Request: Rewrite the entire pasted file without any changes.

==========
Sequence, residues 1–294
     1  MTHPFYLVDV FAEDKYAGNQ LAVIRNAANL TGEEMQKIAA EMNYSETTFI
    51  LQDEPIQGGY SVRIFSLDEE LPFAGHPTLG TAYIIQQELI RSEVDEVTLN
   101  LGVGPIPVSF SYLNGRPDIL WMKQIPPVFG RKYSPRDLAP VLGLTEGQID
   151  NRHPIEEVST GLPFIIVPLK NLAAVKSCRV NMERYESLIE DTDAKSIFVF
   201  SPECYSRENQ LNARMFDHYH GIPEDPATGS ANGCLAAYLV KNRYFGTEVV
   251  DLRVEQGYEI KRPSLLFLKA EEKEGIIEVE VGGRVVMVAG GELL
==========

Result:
Sequence, residues 1–294
     1  MTHPFYLVDV FAEDKYAGNQ LAVIRNAANL TGEEMQKIAA EMNYSETTFI
    51  LQDEPIQGGY SVRIFSLDEE LPFAGHPTLG TAYIIQQELI RSEVDEVTLN
   101  LGVGPIPVSF SYLNGRPDIL WMKQIPPVFG RKYSPRDLAP VLGLTEGQID
   151  NRHPIEEVST GLPFIIVPLK NLAAVKSCRV NMERYESLIE DTDAKSIFVF
   201  SPECYSRENQ LNARMFDHYH GIPEDPATGS ANGCLAAYLV KNRYFGTEVV
   251  DLRVEQGYEI KRPSLLFLKA EEKEGIIEVE VGGRVVMVAG GELL